Income-Sensitive Repayment: Again, this is ONLY available to federal student loans.  See the link above.  If the borrower has both federal and private loans, they’ll need to consider the following options.

File a Civil Law Suit:  Another option is to sue the lenders and the school to void the student loan contracts on the premise that the borrower was unable to enter into such an agreement due to the mental disability.  While the lawsuit may have a high likelihood of success with proper medical experts, the cost of litigation can mean tens of thousands of dollars for this option.  Although, the prevailing party, the party that wins, may be entitled to reimbursement of attorney fees and costs.  The downside is, the borrower may still end up in bankruptcy if they do not succeed. Unfortunately, most don’t have the money up front to pay an attorney.

Bankruptcy Option:  When the cost is a consideration to resolve any financial problem, bankruptcy becomes a more viable solution.  First, bankruptcy will tackle all debts at once; thus killing many birds with one stone.  File one bankruptcy case and it stops ALL collections. Second, in bankruptcy, the debtor can file suit against the lenders on more than one legal ground.  This means that the debtor can sue to discharge their student loans on a Undue Hardship Standard, and plead in the alternative on a state court cause of action for their inability to contract.  Again, two birds with one stone. Sometimes the cost of bankruptcy far outweighs other options because it’s actual cheaper, better and faster to get to the goal.

A Look Back At 2014: California Homeowners Edition

As the year comes to a close, I get a little nostalgic and look back at articles I’ve written through the year.  This year, California homeowners faced the expiration of the Mortgage Debt Relief Act, which may still linger in Congressional uncertainty. Home values have stalled, leaving many with persistent negative equity, while many struggle to keep up with their adjustable mortgage payments after they have “adjusted.”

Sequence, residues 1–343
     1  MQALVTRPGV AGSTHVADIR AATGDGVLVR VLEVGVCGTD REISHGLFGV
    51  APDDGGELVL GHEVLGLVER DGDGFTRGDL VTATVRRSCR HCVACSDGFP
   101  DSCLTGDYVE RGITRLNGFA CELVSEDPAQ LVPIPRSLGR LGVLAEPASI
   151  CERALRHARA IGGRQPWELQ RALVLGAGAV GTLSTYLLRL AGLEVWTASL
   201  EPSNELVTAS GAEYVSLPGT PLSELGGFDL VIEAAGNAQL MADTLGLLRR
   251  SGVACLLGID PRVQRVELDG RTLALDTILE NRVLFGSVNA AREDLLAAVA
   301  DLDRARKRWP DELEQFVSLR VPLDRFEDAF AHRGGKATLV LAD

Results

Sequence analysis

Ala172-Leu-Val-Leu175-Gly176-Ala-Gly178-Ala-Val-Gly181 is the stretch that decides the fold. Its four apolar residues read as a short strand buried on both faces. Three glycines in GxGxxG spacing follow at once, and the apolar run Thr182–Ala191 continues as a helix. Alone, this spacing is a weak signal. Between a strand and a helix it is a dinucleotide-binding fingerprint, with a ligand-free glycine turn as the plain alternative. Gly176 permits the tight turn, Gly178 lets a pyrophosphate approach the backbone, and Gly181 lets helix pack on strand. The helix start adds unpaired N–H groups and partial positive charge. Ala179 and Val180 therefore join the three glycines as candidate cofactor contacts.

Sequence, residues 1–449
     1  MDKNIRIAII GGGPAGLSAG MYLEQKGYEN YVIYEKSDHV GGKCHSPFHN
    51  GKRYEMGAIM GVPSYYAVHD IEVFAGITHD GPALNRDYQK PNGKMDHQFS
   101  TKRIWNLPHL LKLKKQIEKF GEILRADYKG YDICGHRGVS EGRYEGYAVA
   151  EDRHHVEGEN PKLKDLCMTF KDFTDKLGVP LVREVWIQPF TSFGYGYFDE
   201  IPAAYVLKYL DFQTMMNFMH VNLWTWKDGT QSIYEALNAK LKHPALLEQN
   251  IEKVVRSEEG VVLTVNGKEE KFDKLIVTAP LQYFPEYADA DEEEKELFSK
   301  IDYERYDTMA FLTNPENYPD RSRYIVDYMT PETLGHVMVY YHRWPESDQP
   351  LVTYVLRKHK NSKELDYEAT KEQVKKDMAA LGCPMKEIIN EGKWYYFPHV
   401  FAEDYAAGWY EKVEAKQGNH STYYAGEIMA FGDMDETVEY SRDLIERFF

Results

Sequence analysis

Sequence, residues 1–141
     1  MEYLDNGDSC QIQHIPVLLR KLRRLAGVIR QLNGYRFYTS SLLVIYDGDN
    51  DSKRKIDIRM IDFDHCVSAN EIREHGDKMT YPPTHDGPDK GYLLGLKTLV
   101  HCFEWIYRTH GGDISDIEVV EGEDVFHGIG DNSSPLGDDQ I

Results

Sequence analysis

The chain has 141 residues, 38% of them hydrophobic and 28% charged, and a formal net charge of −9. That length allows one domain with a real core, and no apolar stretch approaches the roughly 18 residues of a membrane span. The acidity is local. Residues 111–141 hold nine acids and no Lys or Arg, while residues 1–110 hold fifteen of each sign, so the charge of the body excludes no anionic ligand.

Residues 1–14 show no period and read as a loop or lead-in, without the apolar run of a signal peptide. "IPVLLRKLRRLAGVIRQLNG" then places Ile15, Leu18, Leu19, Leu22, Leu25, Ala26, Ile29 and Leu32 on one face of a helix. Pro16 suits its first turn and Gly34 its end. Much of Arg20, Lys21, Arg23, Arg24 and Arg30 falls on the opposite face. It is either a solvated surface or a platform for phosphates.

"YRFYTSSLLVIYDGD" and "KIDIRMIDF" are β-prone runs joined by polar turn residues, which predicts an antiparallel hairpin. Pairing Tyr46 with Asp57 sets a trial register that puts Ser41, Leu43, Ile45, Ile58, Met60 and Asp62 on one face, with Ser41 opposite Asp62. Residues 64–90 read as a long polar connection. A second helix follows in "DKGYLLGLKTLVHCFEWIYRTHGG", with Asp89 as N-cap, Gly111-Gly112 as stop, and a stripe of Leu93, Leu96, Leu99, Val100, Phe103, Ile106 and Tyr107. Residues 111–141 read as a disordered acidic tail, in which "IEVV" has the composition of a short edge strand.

Here’s a look back at articles for California’s homeowners:

I hope that next year brings you joy and equity. I wish for financial stability and increased home values for all. May you find peace and comfort.  I hope these articles help guide your difficult financial decisions and help you toward financial freedom from debt. Most of all, I wish you the Happiest of Holiday Seasons.

Should I Pay A Bogus Bill To Save My Credit Rating?

You Can Have an Excellent Credit ScoreI definitely have heated opinions every Sunday when I read Liz Weston’s (@lizweston) “Money Talk” articles.  She’s a journalist who has published books on money, so she’s an expert right? Well, she definitely tries to help, while avoiding the unauthorized practice of law because she is not a lawyer.  Recently, a reader asked whether they should pay a bill they don’t owe to save their excellent credit rating.  You know what I think?  I think your blood pressure is the most important number to protect, not your credit score, but I digress.